Why A Fracking Ban Won’t Kill U.S. Shale

One of the things that had the oil industry worried about a Biden administration was his opposition to fracking, and his promise to ban it on federal lands on his first day in office. In case you haven’t been following closely, American production has soared due to fracking over the last decade. The point must be made, no fracking, no shale oil.

Source: Oil Price, by David Messler

I’ve made the point in several articles that I doubted whether he would really follow through on this threat, as it would lead to an eventual slowdown in drilling with a commensurate fall-off in oil production. With the first day of his administration nearing, I thought it worthwhile to review some of the companies we follow closely in shale to see what impact they thought this action might have, if he indeed follows through with it. Biden seems to have since backed off earlier position a teensy bit, which makes me even more confident that his position has moderated on this topic. We don’t have long to wait to see which version takes office.

More importantly and the larger point of this article, does it even matter in the short term? With as much notice as the big shale frackers have been given about his proclivities vis a vis fracking, most have taken measures to insulate themselves from this impact. In this article, we will look at what a review of public data reveals about the impact of a potential fracking ban on federal lands for several key shale drillers.

How tough will Joe Biden be on the US shale industry

The true political risk may not be all that bad

A review of several public companies with regard to preparedness for a ban on new permitting, reveals just what I mentioned above. Here are three where I was able to scan a transcript or view an investor deck and get some information.

Firstly, what we find is that federal lands are a relatively small fraction of most company’s acreage portfolio. The ones I reviewed for this article like Devon, have been working the regulatory side of their portfolio fairly hard. 

Devon for example, with federal acreage comprising about a third of their Delaware position, have compiled a massive bank of 650 permits- 520 approved, and another 130 in process. Even if we assume the last 130 don’t see the light of day over the next four years, Devon can drill a hundred and twenty-five or so wells on their acreage before running out of inventory. The slide below highlights the new Devon, with acreage from WPX factored into the mix. Altogether, federal acreage only accounts for about 35% of their total acreage.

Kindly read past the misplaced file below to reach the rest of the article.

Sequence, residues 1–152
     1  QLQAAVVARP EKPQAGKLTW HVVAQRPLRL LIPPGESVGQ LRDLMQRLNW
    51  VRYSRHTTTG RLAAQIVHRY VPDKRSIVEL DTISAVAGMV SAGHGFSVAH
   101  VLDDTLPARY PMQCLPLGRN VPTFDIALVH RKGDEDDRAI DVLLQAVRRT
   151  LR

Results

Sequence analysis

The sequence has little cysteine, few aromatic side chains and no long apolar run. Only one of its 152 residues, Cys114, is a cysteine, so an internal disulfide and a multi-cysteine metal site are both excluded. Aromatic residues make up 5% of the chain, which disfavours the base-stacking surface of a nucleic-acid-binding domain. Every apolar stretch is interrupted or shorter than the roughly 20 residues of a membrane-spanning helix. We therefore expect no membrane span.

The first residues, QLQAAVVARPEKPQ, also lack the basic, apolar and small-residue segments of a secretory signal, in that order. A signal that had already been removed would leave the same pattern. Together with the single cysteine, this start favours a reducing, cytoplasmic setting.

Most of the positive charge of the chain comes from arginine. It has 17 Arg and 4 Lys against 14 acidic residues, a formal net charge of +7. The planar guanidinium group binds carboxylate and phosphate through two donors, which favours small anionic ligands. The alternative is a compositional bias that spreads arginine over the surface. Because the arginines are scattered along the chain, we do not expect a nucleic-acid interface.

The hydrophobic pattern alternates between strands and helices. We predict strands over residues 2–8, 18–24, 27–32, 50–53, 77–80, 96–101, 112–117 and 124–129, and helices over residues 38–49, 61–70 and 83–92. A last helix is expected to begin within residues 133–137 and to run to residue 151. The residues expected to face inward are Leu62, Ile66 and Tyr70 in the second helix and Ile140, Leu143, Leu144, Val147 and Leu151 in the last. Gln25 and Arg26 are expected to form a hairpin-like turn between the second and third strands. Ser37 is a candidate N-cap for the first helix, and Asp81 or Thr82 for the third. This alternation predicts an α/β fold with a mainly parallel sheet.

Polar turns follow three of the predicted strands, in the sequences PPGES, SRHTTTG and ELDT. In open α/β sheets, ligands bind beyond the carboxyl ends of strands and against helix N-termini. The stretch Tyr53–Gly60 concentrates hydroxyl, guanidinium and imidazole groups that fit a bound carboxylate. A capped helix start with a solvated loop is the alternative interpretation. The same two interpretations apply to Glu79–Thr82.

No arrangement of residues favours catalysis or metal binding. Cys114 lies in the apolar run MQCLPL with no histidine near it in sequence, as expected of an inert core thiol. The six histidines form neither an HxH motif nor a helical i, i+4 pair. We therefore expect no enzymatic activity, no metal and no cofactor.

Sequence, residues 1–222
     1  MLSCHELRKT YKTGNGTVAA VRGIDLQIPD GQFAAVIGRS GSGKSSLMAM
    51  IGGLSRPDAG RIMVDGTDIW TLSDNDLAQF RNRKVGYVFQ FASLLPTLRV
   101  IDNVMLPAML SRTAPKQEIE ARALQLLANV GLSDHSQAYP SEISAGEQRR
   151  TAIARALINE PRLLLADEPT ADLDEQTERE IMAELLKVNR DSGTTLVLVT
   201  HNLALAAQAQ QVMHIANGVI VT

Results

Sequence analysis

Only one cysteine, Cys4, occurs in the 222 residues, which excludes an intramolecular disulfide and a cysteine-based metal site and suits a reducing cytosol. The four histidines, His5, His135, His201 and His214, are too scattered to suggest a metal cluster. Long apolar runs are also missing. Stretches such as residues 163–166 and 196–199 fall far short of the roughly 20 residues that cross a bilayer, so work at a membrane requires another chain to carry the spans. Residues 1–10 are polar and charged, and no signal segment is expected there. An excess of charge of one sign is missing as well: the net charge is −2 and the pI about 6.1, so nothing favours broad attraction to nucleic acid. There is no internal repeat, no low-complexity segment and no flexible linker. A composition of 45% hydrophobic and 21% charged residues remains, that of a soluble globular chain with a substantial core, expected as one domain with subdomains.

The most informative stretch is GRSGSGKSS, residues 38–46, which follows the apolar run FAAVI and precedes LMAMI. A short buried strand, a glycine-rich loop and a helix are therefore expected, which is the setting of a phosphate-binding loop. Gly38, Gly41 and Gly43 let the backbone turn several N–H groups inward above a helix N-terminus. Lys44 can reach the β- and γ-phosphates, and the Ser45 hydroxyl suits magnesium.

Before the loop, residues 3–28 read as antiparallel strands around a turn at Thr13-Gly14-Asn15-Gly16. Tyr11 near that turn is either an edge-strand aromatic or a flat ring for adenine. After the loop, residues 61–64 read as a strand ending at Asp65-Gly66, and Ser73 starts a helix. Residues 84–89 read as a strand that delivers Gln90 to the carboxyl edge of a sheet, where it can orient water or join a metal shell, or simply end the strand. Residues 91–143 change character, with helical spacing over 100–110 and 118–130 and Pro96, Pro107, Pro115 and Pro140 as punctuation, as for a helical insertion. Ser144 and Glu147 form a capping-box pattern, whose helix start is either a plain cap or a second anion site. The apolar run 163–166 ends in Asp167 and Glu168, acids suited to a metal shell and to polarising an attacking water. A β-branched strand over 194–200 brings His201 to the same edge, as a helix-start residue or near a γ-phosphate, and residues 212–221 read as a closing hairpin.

Dave Hagar, DVN’s CEO commented on their permit inventory in the Delaware basin.

“Federal permits are issued with a two-year term and then you have the ability to extend them for an additional two years. So certainly, permits that are out would be out past that two year-term, would require us to go through the extension process. But a couple of things I’d point out to you there, we’ve never had an extension denied before. And it’s important to know that the permits are underlied by environmental assessment. That’s done as part of the permitting process and those environmental assessments are good for a period of five years. So the answer to your question is yes, but we don’t foresee many material impacts from that.”

I couldn’t find as much data on Cimarex and COP, but each has two-three years of approved permits to carry them forward in case of a new permit ban. I wouldn’t be surprised if this is the norm among the shale frackers. The risk has been out there for a year now. Any prudent manager, and I count oil company managers as among the best in the business, would assess the risk of a new permit ban, and staff up his regulatory affairs team to build up a solid buffer. 

Your takeaway

As you can see the trend for U.S. shale is down from early 2020. This can be moderated with an increase in drilling that is now underway. I expect we will return to a 400-425 rig market by the end of 2021.

This is being driven by a conservative outlook by shale drillers about maintaining production, instead of increasing it. Although some shale companies have announced plans to grow production by single digits in 2021. This is still very much the exception and I expect shale production to decline as the year wears on.

What I am not concerned about as a result of my brief investigation is shale declines to be exacerbated by an inability to drill on federal lands any time soon. Shale drillers have prudently loaded the channel with approved permits, in many cases enough to carry them for several years. Perhaps to a time, four years hence when higher, perhaps much higher, oil prices change the dynamic from a perception of plenty to one of scarcity. In the last scenario, I do not expect that permits will be hard to obtain on any acreage within the continental United States.


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